Rapid growth in the U.S. Hispanic community has created another boom — in Hispanic media. In recent months, several major media players have announced plans to join the competition for the Hispanic television audience. There’s a new Hispanic broadcast TV network coming, plus a host of new cable channels aimed at Latinos.
The numbers tell the story: According to the census, the U.S. Hispanic population jumped by more than 40 percent in the past decade. The nation’s 50 million-plus Hispanics now make up 16 percent of the TV-viewing public.
And those numbers are expected to grow. Univision is already the nation’s fourth-largest network. In some markets and time slots, it hits No. 1.
Four years ago, the network’s growing clout was recognized when it hosted both the Democratic and Republican candidates in primary debates. This year, Newt Gingrich and Mitt Romney sat down for extended interviews in a candidate forum, hosted in English by Univision anchor Jorge Ramos and broadcast with a simultaneous Spanish translation.
“Historically, Univision was Spanish first and Spanish only. They were adamant about that,” says Roberto Orci, CEO of Acento Advertising in Los Angeles. Orci says that’s beginning to change: Univision recently began broadcasting its prime-time telenovelas with English subtitles — something competitor Telemundo has done for years.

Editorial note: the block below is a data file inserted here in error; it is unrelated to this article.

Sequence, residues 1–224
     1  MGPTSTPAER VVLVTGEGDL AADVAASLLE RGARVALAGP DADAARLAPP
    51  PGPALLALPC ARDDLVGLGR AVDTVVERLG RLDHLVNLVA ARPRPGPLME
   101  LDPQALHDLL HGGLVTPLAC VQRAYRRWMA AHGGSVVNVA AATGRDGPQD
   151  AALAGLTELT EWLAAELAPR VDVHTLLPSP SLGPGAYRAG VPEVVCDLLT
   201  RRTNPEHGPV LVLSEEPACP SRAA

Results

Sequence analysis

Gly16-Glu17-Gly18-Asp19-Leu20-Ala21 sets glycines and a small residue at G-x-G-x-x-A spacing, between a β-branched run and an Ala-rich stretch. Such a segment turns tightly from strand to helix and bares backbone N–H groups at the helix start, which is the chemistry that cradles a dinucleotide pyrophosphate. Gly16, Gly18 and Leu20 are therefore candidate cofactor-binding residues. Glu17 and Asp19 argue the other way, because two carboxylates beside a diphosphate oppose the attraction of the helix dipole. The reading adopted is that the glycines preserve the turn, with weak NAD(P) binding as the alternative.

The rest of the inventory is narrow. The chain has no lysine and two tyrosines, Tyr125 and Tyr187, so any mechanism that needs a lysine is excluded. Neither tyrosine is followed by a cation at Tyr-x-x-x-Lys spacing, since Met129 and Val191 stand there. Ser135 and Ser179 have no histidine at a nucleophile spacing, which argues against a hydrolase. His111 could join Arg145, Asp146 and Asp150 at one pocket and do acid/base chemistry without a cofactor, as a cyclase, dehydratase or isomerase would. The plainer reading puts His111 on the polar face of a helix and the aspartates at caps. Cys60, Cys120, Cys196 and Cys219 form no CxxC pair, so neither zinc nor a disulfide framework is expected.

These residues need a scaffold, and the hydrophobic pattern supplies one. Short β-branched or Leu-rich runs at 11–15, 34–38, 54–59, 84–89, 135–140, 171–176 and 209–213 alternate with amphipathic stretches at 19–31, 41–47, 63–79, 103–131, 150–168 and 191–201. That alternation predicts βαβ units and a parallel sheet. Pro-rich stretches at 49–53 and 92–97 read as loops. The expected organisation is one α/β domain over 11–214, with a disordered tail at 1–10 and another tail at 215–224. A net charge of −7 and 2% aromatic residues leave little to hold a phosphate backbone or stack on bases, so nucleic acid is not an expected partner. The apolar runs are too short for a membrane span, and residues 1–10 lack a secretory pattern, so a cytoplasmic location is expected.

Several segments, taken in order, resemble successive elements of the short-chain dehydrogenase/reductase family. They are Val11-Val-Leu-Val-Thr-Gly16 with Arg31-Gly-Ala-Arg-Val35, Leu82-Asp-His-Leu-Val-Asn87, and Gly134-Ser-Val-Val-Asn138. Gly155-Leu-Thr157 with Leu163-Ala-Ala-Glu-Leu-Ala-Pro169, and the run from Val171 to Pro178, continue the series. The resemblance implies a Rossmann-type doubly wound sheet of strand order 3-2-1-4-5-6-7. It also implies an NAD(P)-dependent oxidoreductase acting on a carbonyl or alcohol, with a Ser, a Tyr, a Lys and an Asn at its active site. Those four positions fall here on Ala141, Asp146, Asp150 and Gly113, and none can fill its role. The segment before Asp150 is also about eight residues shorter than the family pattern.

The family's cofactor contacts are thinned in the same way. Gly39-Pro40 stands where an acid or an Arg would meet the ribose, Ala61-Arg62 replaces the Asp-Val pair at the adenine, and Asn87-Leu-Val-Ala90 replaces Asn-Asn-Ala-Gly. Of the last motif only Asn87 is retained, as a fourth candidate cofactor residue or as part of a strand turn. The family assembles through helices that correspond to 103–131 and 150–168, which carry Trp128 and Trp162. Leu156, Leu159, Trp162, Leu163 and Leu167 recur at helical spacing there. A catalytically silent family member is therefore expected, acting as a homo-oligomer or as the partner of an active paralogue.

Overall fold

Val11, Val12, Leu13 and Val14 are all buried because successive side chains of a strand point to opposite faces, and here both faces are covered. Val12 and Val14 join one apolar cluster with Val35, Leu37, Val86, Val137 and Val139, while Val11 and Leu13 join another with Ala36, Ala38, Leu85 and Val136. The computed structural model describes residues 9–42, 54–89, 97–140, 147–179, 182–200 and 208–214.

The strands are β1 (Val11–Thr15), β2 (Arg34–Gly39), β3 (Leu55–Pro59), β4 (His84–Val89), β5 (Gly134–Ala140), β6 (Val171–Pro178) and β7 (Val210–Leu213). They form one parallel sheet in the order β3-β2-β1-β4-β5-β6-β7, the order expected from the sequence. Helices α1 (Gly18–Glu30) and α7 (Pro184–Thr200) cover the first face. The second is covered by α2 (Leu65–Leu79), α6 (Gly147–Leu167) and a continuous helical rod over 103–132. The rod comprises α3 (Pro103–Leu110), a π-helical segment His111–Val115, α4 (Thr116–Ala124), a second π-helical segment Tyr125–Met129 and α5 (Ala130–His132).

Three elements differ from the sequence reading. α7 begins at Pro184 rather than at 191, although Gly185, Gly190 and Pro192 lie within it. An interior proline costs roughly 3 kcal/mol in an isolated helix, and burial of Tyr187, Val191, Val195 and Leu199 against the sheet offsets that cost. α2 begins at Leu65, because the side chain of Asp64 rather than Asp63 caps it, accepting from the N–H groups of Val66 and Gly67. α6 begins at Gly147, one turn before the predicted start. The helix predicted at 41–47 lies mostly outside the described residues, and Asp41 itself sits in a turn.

That’s a nod to changes in the Hispanic population shown in the census: Over the past decade, most of the growth in the Latino population came not from immigration, but from births — kids born and now being raised in the U.S.
Market research shows that only about a fifth of U.S. Hispanics now prefer Spanish-language programming on TV. The rest — some 80 percent of the Latino population — are bilingual or prefer English.
Helen DeJesus is a good example. She’s bilingual, a second-generation Cuban-American who lives in a Miami suburb.
“I don’t watch Spanish channel,” she says. “In a way, that’s a bad thing, because I should, especially for my son.”
DeJesus says watching Hispanic TV growing up helped her sharpen her Spanish-language skills. But she’s part of a growing Latino population that is moving to English language TV. Acento’s Roberto Orci says that trend is sending a clear message to Hispanic broadcasters.
“We have to appeal to them in culture, but in the language of their preference,” Orci says. “And a lot of the bilingual Hispanics watch English-language television and Spanish-language television. So you want to be able to reach them where they are.”
Orci greets as good news a recent report that Univision is in talks with Disney to develop an English-language all-news channel aimed at Hispanics. It’s one of several new cable channels for Latinos planned by Univision and other media companies.
Cable operator Comcast recently announced plans for two new channels — including one that will be run by movie director Robert Rodriguez. It also will be in English. It joins competitors like NuvoTV, an English-language channel aimed at a young, bicultural Latino audience.